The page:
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Social Security, Retirement Age and Optimal Income Taxation

  • Helmuth Cremer
  • Jean-Marie Lozachmeur
  • Pierre Pestieau

It is often argued that implicit taxation on continued activity of elderly workers is responsible for the widely observed trend towards early retirement. In a world of laissez-faire or of first-best efficiency, there would be no such implicit taxation. The point of this paper is that when first-best redistributive instruments are not available, because some variables are not observable, the optimal policy does imply a distortion of the retirement decision. Consequently, the inducement of early retirement may be part of the optimal tax-transfer policy. We consider a model in which individuals differ in their productivity and their capacity to work long and choose both their weekly labor supply and their age of retirement. We characterize the optimal non linear tax-transfer that maximizes a utilitarian welfare function when weekly earnings and the length of active life are observable while individuals’ productivity and health status are not observable.

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Paper provided by CESifo Group Munich in its series CESifo Working Paper Series with number 693.

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Date of creation: 2002
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Handle: RePEc:ces:ceswps:_693
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  1. Maderner, N. & Rochet, J.C., 1996. "Is It Legitimate to Encourage Work Sharing?," Papers 96.404, Toulouse - GREMAQ.
  2. Jonathan Gruber & David A. Wise, 1999. "Social Security and Retirement around the World," NBER Books, National Bureau of Economic Research, Inc, number grub99-1, Abril.
  3. Diamond, P. A. & Mirrlees, J. A., 1978. "A model of social insurance with variable retirement," Journal of Public Economics, Elsevier, vol. 10(3), pages 295-336, December.
  4. Brito, Dagobert L. & Hamilton, Jonathan H. & Slutsky, Steven M. & Stiglitz, Joseph E., 1991. "Dynamic optimal income taxation with government commitment," Journal of Public Economics, Elsevier, vol. 44(1), pages 15-35, February.
  5. Jonathan Gruber & David A. Wise, 1999. "Introduction to "Social Security and Retirement around the World"," NBER Chapters, in: Social Security and Retirement around the World, pages 1-35 National Bureau of Economic Research, Inc.
  6. BOADWAY, R. & MARCHAND, M. & PESTIEAU, P. & del MAR RACIONERO, M., 2001. "Optimal redistribution with heterogeneous preferences for leisure," CORE Discussion Papers 2001025, Université catholique de Louvain, Center for Operations Research and Econometrics (CORE).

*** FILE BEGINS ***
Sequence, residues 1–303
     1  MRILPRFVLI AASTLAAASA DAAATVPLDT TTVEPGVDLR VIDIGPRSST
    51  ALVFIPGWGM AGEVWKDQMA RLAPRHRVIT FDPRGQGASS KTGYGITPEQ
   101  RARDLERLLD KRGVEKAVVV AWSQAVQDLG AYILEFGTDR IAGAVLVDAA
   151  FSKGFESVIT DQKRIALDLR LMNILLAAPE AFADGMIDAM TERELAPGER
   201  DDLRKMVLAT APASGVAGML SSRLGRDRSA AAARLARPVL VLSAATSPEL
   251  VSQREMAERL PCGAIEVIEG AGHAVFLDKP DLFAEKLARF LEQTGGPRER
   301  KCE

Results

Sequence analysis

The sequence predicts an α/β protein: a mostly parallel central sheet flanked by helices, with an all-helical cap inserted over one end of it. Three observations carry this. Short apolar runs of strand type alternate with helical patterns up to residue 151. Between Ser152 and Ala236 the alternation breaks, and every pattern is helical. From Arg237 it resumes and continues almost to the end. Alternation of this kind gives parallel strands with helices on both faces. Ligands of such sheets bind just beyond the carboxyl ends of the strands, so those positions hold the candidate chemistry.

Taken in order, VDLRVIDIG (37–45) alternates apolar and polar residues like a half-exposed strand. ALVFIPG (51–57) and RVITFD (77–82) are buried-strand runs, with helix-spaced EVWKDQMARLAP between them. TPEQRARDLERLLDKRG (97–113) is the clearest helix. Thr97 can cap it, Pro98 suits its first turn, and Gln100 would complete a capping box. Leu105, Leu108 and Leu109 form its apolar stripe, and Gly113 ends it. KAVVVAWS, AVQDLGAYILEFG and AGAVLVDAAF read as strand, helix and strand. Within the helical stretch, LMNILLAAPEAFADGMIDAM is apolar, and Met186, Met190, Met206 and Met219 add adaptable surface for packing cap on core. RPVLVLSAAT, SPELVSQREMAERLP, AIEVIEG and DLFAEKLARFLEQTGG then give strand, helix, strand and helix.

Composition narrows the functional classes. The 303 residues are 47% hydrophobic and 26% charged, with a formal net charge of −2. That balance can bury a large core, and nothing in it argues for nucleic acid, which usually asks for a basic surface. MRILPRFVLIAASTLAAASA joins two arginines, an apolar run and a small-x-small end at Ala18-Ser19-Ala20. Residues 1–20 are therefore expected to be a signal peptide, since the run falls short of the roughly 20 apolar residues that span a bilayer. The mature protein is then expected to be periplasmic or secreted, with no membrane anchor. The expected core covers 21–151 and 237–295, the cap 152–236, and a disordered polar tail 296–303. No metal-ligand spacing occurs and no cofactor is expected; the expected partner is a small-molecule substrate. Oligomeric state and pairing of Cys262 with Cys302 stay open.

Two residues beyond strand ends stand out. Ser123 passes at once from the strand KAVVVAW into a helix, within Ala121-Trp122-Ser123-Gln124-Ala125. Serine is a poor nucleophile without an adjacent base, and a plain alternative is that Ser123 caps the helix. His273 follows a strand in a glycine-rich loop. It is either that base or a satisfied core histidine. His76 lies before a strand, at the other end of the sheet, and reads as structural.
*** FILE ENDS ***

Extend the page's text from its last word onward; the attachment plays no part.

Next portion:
7. Diamond, Peter & Sheshinski, Eytan, 1995. "Economic aspects of optimal disability benefits," Journal of Public Economics, Elsevier, vol. 57(1), pages 1-23, May.
  8. Lumsdaine, Robin L. & Mitchell, Olivia S., 1999. "New developments in the economic analysis of retirement," Handbook of Labor Economics, in: O. Ashenfelter & D. Card (ed.), Handbook of Labor Economics, edition 1, volume 3, chapter 49, pages 3261-3307 Elsevier.
  9. Dellis, Arnaud & Jousten, Alain & Perelman, Sergio, 2001. "Micro-Modelling of Retirement in Belgium," CEPR Discussion Papers 2795, C.E.P.R. Discussion Papers.
    • Arnaud Dellis & Raphaël Desmet & Alain Jousten & Sergio Perelman, 2004. "Micro-Modeling of Retirement in Belgium," NBER Chapters, in: Social Security Programs and Retirement around the World: Micro-Estimation, pages 41-98 National Bureau of Economic Research, Inc.
  10. Lazear, Edward P, 1979. "Why Is There Mandatory Retirement?," Journal of Political Economy, University of Chicago Press, vol. 87(6), pages 1261-84, December.
  11. Diamond, Peter A & Mirrlees, James A, 1986. " Payroll-Tax Financed Social Insurance with Variable Retirement," Scandinavian Journal of Economics, Wiley Blackwell, vol. 88(1), pages 25-50.
  12. Cremer, Helmuth & Gahvari, Firouz, 1997. "In-kind transfers, self-selection and optimal tax policy," European Economic Review, Elsevier, vol. 41(1), pages 97-114, January.
  13. Crawford, Vincent P & Lilien, David M, 1981. "Social Security and the Retirement Decision," The Quarterly Journal of Economics, MIT Press, vol. 96(3), pages 505-29, August.
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